Monday, April 7, 2014


Inhuman is a YA futuristic sci-fi dystopian novel by Kat Falls, and the first in the Fetch series.

After a biological disaster has left all of the United States east of the Mississippi River blocked off by a huge, sprawling wall life is completely different.

Time has passed and Lane McEvoy does not know anything different. But there is that stomach churning fear and curiosity over what lies on the other side of the wall. A place now called the Feral Zone, where the millions of people infected with a virus have been mutated into bloodthirsty savages.

Curiosity can truly kill you though – punishment for violating the border is execution.

But when Lane is faced with the knowledge that someone she loves has passed the wall – and she’s tasked with bringing them back she sees just how unprepared she is to travel through the Feral Zone.

Will her humanity prove to be her strength… or her downfall?

My synopsis may not do the plot of Inhuman justice, but I definitely didn’t want to give too much away.

Inhuman is an action-packed, fascinating adventure story about Lane, whom I liked very much. She’s smart and compassionate.

This is a new sort of post-apocalyptic story. I appreciated that everyone isn’t crazy, which to me is more realistic. There’s a level of civilization amidst the disaster, but also those moments of horror and fear.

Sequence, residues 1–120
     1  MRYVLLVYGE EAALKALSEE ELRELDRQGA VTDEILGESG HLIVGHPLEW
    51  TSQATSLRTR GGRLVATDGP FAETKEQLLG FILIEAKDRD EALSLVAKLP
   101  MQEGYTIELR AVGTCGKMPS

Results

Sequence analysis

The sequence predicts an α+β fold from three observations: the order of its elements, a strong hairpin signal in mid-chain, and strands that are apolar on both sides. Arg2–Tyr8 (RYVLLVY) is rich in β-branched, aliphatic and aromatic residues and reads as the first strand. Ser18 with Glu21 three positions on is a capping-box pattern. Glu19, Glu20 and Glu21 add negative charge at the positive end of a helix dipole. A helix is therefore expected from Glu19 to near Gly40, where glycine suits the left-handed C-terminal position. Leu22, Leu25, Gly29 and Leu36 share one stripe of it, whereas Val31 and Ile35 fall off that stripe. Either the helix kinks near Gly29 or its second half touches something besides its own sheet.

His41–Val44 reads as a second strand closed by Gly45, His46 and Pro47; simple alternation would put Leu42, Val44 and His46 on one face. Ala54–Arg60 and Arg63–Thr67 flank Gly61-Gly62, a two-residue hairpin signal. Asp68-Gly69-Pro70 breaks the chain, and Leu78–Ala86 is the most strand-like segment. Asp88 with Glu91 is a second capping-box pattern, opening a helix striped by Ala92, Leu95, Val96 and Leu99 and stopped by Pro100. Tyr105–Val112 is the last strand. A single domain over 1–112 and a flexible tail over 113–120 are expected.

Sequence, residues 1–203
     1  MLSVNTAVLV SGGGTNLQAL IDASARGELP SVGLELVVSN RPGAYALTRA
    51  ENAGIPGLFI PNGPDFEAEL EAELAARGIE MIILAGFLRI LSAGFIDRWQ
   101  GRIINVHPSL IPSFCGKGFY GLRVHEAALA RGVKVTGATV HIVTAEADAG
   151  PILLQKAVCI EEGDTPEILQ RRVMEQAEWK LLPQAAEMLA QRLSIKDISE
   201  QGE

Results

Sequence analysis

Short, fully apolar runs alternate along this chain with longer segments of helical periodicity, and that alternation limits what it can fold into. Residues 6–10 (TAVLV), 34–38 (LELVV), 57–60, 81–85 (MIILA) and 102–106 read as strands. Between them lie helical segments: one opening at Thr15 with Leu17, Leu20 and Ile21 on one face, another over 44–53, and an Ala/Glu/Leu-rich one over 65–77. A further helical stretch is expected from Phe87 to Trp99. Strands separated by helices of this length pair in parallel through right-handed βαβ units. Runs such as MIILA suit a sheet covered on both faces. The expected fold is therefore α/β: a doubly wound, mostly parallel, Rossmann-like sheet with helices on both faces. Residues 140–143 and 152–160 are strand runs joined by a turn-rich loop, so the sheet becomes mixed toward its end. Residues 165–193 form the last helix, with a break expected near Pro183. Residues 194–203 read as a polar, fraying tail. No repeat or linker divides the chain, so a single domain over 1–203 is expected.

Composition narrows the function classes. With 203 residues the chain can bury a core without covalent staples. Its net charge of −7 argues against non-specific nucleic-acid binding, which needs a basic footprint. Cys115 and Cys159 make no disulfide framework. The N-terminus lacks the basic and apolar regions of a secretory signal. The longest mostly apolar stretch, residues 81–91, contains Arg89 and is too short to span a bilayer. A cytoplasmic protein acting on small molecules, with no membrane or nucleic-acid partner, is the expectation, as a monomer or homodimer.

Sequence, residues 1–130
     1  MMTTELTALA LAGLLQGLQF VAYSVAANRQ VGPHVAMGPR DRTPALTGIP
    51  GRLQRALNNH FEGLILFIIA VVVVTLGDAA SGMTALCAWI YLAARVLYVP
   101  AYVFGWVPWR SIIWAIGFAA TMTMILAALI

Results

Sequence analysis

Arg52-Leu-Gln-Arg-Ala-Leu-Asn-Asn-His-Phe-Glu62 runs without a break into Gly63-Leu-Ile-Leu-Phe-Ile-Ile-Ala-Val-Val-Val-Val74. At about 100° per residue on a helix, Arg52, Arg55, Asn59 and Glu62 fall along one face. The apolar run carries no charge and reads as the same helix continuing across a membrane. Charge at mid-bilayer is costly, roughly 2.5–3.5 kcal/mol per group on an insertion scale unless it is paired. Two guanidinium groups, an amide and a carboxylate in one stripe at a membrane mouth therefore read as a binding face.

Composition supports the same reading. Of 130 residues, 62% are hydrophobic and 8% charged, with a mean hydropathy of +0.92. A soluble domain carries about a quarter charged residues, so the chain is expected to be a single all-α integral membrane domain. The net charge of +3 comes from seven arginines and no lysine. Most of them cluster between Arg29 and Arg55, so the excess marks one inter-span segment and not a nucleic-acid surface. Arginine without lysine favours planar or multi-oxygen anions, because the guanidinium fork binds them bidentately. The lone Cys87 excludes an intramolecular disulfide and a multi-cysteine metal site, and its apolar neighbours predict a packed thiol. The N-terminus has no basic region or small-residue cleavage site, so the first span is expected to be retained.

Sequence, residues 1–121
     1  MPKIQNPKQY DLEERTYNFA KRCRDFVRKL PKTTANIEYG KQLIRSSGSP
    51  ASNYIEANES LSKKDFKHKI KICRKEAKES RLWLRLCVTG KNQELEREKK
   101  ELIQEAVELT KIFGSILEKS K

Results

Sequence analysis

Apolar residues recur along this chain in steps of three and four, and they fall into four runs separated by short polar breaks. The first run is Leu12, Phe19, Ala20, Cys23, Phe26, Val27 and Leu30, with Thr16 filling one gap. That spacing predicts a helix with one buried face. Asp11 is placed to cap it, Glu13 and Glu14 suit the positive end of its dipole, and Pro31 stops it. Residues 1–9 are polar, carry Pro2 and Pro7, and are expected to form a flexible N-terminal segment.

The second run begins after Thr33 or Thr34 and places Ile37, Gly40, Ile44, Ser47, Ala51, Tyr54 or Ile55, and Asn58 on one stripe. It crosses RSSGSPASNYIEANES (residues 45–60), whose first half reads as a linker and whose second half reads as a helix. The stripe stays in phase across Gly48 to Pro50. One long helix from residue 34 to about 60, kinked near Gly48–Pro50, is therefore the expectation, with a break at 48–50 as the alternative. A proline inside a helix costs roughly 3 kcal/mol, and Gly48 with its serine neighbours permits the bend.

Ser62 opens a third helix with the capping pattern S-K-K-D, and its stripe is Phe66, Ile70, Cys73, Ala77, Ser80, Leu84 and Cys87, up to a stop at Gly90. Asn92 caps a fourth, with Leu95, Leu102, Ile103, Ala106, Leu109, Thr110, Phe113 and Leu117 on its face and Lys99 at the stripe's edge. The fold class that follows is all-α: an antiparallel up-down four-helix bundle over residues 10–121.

As a journey across an unknown land it’s incredibly suspenseful and interesting.

The secondary characters, also romantic interests, were well written. One of them, Rafe, was a bit course and at times truly unlikable. Yet he did grow on me. Another was Everson who I liked from the start and enjoyed in scenes very much.

Regarding the more romantic elements of Inhuman, the least mature moments of the book were when, through Lane’s first person narration, we learn of the boys’ “washboard abs”. Usually it’s done with a tad of humor, thank goodness, but still one of my least liked parts of the writing. However, for my part, Kat Falls did manage to provide two male romantic interests that I had a hard time choosing between!

I truly enjoyed the slow, nerve-wracking introduction into the Feral Zone and the United States made wild. It became surprisingly romantic, increasingly creative, and later on horrifyingly sad. In other words, very affective. Oh, golly.

I definitely want more. There’s so much I’m not telling you – you need to read it ASAP!!!

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